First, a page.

I said I would post the findings for a few academic articles on cheesemaking, so here’s one of the more interesting and practical articles I found. I’m sure most of you have already considered the technique described here, but it’s new to me.
“Using fermented cheese whey to reduce acidification time of Oaxaca cheese.” Aguilar-Uscanga, Blanca R., Montero-Lagunes, Maribel, De la Cruz, Javier, Solis-Pacheco, Josue R., Garcia, Hugo S. AGROCIENCIA. 40:5, 570 -575
One of the obstacles to commercial production of Oaxaca cheese (read: mozzarella) is the long wait time for the pH to drop to 5.2-3. The incubation period can be reduced with the addition of citric acid, but that changes the chemical composition of the cheese and has detrimental effects to both the flavor and texture of the product. This article explores an alternative method of adding acid: whey that had been let to ferment overnight.
The study tested 9 variations of three different methods. First, a control batch was allowed to acidify normally (a nine hour process). Second, whey was added to the milk with the culture to 10, 20, and 30 percent of volume of the milk. Third, fermented whey used to replace fresh whey after the curds are cut to 10, 20, 30, 40 and 50 percent of the volume of milk.
Each of these variations resulted in a substantial decrease in the make time. Whey added directly to the milk had the most dramatic results, up to three hour difference, which is a 35% reduction. Fermented whey replaced for fresh whey was also effective, with up to a 1:45 reduction in make time.
None of these treatments affected the chemical composition of the product like the addition of citric acid would. The cheese remained essentially the same, except for the 20% and 30% additions of whey to the milk, which resulted in a slighter softer and less elastic cheese. Of all 9 variations tested, the tasters preferred 20% whey added to the milk (a treatment that reduced the total make time by 25%).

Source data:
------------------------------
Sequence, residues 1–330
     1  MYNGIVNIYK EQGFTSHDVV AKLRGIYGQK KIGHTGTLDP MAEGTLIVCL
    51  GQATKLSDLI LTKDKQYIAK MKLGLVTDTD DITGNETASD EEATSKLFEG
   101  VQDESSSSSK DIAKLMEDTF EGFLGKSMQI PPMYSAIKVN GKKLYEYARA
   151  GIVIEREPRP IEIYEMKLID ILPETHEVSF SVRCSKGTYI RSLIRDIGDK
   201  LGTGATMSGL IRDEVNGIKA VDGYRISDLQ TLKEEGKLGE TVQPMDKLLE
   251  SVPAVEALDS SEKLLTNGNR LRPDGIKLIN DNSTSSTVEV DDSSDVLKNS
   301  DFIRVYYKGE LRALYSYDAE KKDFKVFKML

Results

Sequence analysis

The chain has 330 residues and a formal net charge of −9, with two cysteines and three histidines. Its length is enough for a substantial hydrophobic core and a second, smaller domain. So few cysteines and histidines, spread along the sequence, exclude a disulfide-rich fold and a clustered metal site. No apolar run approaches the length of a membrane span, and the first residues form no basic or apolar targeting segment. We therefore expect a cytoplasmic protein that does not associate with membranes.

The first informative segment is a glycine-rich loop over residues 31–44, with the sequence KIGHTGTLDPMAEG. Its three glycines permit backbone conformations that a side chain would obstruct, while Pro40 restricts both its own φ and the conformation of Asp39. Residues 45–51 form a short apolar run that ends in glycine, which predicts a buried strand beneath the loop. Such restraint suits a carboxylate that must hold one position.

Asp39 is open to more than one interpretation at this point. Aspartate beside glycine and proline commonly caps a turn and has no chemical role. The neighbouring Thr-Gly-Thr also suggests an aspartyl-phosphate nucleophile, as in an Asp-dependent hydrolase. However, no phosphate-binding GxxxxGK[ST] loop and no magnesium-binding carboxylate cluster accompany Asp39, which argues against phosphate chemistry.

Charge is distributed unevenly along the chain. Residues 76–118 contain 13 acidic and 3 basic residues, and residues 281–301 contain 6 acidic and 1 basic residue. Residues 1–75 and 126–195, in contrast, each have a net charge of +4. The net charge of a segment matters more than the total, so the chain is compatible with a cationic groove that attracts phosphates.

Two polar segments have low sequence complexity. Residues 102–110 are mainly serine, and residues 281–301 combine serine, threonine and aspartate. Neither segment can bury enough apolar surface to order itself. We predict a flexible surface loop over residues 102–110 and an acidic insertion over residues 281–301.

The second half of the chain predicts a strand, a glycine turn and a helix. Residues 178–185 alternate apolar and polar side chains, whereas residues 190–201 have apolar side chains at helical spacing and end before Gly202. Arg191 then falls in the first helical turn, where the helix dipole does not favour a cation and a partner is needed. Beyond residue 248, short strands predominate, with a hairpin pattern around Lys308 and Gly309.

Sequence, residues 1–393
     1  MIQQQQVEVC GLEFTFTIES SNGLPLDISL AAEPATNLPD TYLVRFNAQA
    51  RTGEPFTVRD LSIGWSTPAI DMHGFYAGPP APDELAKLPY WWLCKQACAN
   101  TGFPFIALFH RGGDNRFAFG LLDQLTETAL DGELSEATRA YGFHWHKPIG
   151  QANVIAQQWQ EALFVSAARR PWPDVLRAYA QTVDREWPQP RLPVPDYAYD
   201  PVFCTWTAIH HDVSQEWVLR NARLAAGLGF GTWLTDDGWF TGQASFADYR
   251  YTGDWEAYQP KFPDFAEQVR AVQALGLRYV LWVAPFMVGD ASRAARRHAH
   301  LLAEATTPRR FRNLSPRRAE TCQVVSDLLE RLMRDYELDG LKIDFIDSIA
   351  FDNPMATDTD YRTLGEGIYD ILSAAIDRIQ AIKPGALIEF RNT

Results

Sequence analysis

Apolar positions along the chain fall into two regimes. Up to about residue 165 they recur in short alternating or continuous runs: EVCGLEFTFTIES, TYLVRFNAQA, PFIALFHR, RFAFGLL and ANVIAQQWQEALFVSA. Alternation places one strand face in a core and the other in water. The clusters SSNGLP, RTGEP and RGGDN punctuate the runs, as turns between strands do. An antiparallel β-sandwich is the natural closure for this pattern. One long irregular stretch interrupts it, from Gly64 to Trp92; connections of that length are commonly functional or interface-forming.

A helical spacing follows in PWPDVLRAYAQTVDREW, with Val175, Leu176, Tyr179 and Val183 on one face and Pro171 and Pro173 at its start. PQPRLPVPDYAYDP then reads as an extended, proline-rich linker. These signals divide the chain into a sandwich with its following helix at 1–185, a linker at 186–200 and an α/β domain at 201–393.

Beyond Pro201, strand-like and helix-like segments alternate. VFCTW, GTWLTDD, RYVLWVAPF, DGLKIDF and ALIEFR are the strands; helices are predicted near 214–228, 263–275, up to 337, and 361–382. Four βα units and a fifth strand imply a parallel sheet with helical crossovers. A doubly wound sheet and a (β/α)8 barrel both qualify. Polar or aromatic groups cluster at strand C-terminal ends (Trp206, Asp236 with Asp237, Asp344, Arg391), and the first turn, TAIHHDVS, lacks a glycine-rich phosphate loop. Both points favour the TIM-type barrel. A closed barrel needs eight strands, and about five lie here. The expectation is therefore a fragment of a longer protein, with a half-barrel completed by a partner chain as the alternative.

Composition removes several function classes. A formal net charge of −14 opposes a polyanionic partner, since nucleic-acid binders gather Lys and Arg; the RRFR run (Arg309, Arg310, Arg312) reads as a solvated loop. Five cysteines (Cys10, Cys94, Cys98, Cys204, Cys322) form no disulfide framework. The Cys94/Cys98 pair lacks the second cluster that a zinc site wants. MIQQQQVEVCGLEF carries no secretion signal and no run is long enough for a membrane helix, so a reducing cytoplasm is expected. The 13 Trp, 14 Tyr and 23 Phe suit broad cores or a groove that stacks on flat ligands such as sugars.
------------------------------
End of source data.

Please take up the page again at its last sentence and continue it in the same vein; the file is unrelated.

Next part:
I found this to be an interesting idea, perhaps more useful to an operation that made a batch of cheese daily and could simply use whey from the day before. Someone who habitually makes mozzarella could use this method to substantially reduce the total make time.
It would also be interesting to see the effect of a combination of techniques. For example, 50% replacement reduced the time by almost 2 hours with no effect on the product and 30% addition reduced the time by almost 4 hours with only a slight effect. Could these two techniques be used simultaneously?
This article also neglects to mention the cause of the acidity changes. Is it solely the result of the acid present in the fermented whey or does the addition of more lactic bacteria also contribute?
Could fermented whey be used to jumpstart the acidity of other cheeses? Maybe 10% or 20% volume of whey could be added with the starter bacteria, allowing the addition of rennet without an incubation period.